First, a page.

Hollywood Adapts the Tony-winning Broadway Musical With Mixed Results
Academy Award winners Peter O’Toole and Sophia Loren headline this polarizing Arthur Hiller adaptation of the hit Broadway musical. Released in 1972, seven years after the musical made its award-winning debut, Man of La Mancha’s screenplay follows the stage production fairly closely with just a few songs getting the ax. Featuring an Oscar-nominated score with the classic “The Impossible Dream,” this is an uneven musical experience that may stick too closely to the stage’s conception of the musical. Loren and O’Toole are fantastic dramatic actors but their unpolished singing skills are pushed to the limit in this unimaginative cinematic musical.
Jailed during the Spanish Inquisition for offending the church, author Miguel de Cervantes (Peter O’Toole) is to act out one of his manuscripts for the entertainment of fellow prisoners. Cervantes delivers a lively performance as the legendary Don Quixote, the chivalrous knight whose choice is to see life as it should be, not its mundane reality. It takes him into battles with an imaginary foe as he tilts at windmills and into a romance with the ravishing Dulcinea (Sophia Loren).
This musical version of Don Quixote is framed by an incident allegedly from the life of its author, Miguel de Cervantes. Don Quixote is the mad, aging nobleman who embarrasses his respectable family with strange adventures. Backed by his faithful sidekick Sancho Panza (James Coco), he duels windmills and defends his perfect lady Dulcinea from the hordes of men that besmirch her honor. In reality Dulcinea is actually a whore named Aldonza, mystified by Quixote’s intentions.
Fans of the musical should enjoy it by default
Fans of the musical should enjoy it by default
Lavishly produced and hewing closely to the Tony-winning Broadway musical, something went wrong along the way in this filmed version. Some have questioned Man of La Mancha’s casting despite its strong Hollywood pedigree. Sophia Loren is absolutely beautiful as the downtrodden Aldonza, dolled up in a tight bodice that leaves little to the imagination. However, she’s poorly matched up with Peter O’Toole. The legendary actor doesn’t deliver a poor performance per se, but his chemistry with Loren is lacking. Their singing is tolerable but workman-like at best, delivering uninspiring renditions.
This film adaptation of Man of La Mancha definitely has its supporters and there is a certain lively energy to several of the set-pieces. Fans of the musical should enjoy it by default. It’s not the best work by either Loren or O’Toole, so fans of those actors will find it hit or miss. A musical adventure with fun, engaging songs, Man of La Mancha will be a love it-or-hate it experience for most people. James Coco, Harry Andrews, and John Castle also star in this adaptation of the Tony award-winning Broadway smash.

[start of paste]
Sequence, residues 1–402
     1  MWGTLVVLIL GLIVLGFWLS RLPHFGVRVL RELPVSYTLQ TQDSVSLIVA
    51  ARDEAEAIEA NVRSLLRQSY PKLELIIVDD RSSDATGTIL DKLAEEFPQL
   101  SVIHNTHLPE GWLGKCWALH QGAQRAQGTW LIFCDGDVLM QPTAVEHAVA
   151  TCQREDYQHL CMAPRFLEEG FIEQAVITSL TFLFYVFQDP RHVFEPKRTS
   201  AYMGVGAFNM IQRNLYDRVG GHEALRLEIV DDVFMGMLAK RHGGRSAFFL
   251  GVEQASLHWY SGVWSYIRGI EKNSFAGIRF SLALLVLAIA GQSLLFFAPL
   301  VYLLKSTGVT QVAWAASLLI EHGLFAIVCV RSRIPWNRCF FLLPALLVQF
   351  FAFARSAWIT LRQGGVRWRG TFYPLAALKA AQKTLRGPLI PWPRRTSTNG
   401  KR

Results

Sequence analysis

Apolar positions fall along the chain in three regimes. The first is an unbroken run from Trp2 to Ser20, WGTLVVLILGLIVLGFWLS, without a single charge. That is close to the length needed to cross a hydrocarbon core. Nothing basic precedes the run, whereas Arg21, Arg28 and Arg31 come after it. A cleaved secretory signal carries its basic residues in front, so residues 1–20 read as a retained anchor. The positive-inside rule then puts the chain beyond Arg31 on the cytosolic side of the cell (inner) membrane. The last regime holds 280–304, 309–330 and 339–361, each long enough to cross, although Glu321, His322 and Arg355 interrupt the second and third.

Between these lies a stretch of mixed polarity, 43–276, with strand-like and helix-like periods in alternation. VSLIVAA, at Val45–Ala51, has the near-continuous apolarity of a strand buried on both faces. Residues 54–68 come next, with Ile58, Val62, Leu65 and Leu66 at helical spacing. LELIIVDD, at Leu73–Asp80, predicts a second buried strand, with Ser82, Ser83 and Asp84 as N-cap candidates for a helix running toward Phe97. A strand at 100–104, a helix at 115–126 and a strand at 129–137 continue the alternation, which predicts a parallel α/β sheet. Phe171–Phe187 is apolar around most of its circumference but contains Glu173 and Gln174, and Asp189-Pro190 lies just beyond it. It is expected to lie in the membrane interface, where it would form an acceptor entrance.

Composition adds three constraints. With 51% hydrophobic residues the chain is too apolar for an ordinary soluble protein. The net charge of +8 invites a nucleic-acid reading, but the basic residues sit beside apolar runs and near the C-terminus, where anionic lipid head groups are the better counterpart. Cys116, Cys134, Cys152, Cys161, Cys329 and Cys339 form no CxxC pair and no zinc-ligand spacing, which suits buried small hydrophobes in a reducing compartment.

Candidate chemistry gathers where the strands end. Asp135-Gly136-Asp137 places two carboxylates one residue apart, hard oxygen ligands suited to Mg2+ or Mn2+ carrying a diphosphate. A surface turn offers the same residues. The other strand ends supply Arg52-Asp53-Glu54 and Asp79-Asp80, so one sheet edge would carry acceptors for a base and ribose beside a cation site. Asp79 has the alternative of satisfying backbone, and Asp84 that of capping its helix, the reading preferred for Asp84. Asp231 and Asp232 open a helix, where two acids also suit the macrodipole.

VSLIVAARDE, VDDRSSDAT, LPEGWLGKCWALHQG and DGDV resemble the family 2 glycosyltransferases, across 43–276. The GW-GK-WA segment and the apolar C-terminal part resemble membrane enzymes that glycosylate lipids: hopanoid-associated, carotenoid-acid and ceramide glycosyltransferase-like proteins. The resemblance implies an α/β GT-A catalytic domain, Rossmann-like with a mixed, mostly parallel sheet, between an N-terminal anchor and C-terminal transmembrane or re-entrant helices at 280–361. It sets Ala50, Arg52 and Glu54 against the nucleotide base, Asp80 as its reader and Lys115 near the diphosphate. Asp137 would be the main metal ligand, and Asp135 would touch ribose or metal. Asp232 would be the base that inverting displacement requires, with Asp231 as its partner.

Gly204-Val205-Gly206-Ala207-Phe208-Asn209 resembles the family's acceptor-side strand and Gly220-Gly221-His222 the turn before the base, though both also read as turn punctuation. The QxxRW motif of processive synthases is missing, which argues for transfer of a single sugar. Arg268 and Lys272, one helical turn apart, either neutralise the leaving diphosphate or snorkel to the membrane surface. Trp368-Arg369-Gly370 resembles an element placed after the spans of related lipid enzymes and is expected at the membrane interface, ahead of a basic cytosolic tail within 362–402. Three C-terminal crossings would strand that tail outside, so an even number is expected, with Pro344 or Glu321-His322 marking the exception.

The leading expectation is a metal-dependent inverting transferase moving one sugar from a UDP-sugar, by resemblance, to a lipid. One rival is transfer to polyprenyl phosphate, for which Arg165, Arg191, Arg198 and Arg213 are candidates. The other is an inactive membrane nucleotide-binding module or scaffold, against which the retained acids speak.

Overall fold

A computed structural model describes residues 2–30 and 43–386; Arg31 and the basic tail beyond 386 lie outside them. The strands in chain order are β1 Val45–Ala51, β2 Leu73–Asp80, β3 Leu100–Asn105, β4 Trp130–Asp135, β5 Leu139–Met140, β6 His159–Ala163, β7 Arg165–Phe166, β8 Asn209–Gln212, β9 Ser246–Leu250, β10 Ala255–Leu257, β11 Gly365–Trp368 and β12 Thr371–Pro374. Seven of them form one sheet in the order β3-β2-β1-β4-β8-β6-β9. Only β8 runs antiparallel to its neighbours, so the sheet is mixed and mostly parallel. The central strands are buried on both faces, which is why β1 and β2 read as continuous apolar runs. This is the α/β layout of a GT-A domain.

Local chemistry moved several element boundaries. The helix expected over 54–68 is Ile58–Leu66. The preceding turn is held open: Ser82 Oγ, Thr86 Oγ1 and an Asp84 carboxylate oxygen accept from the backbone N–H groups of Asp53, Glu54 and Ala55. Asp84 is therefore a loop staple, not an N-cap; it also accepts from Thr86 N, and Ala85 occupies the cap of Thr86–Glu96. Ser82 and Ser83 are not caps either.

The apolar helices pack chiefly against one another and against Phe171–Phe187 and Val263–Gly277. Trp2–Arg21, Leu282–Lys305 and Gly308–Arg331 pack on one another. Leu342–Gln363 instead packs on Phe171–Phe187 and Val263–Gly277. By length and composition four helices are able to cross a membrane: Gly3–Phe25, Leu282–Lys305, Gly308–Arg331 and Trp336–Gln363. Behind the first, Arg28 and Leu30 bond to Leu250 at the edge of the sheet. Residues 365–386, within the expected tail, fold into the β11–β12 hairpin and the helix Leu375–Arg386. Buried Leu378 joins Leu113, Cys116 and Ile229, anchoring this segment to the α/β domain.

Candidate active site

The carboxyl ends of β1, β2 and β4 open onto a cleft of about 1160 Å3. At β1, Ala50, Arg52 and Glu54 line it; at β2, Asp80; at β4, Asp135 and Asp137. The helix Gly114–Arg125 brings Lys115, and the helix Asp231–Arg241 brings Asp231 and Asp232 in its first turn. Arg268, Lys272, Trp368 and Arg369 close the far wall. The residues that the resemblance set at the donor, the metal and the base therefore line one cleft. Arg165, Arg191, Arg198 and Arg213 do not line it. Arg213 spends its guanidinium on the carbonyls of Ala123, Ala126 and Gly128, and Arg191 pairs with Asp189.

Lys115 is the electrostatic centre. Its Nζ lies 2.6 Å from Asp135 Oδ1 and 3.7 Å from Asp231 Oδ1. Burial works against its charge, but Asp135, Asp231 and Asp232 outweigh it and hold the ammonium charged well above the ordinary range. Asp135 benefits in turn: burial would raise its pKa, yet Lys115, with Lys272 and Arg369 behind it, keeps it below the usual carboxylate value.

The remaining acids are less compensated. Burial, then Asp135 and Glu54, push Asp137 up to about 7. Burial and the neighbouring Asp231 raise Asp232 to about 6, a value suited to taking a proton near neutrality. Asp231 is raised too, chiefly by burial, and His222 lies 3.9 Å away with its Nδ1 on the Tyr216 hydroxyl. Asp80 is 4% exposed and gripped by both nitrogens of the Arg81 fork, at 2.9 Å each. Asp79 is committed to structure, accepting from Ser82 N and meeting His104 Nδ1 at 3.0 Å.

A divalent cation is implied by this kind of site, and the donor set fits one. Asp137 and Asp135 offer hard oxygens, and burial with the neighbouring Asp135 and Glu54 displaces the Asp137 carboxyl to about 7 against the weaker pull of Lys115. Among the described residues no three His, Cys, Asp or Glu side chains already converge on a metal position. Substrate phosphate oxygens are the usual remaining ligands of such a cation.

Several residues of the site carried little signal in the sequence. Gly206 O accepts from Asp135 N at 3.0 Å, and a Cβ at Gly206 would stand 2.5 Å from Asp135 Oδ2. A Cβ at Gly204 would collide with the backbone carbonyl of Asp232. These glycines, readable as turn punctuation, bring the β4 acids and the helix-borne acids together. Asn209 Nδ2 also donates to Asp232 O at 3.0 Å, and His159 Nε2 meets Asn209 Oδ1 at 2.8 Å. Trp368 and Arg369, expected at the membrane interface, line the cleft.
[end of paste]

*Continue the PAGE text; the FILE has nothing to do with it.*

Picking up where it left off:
Shout Factory has licensed this musical from MGM, likely using their extant HD transfer. The 1972 Arthur Hiller-directed musical gets an older HD transfer from serviceable film elements. Murky shadow delineation and soft grain reproduction mark this 1.85:1 presentation. While lacking the dramatic improvement in clarity of some discs, this is definitely a step up in picture quality from DVD. The main feature runs 129 minutes.
Its definition and clarity are what we’ve come to expect from an older MGM film that hasn’t seen the benefit of a new restoration. Shout Factory encodes it in perfect AVC on a BD-50, averaging over 30 Mbps. A trace of ringing is visible. The video is free of overt damage and wear, though better fine detail is limited to close-ups. That possibly indicates an older telecine transfer, inferior in visible resolution to a more recent 2K scan.
A 70mm roadshow version did circulate at one point, though it has never surfaced on home video. It has been rumored that Twilight Time passed on releasing Man of La Mancha themselves, allowing Shout Factory to snag the Blu-ray rights.
The engaging musical has a satisfactory 2.0 DTS-HD MA soundtrack in stereo. Decent fidelity and an adequate stereo mix mark this audio as pleasant but unspectacular. It lacks the sonic depth and clear bass of newer productions.
The singing has fine dynamics, allowing a bit of headroom for the music to breathe without problem. This isn’t an extraordinary audiophile recording – listeners should expect a fairly normal stereo track from the early 1970s.
One should be aware that MGM’s older DVD version did have a 5.1 Dolby Digital soundtrack. That surround mix is missing on this Blu-ray.
Optional English subtitles play in a white font.
Shout Factory digs up an older archival featurette and a couple of other small supplements for this edition. The trailer and photo montage were also included on MGM’s older DVD.
Man of La Mancha: The Impossible Dream Comes True (10:04 in upscaled HD) – Shown in its original 4:3 presentation, this vintage making-of featurette has wonderful behind-the-scenes footage of the stars on set. Watch Sophia Loren rehearsing a scene as she smokes off-camera. This featurette is a nice time capsule of how movies used to be made, exploring set design and how Arthur Hiller worked on this project.
Theatrical Trailer (03:12 in HD)
Photo Montage With Overture Music (03:02 in HD) – A series of still photographs from the production appear as the overture music plays.
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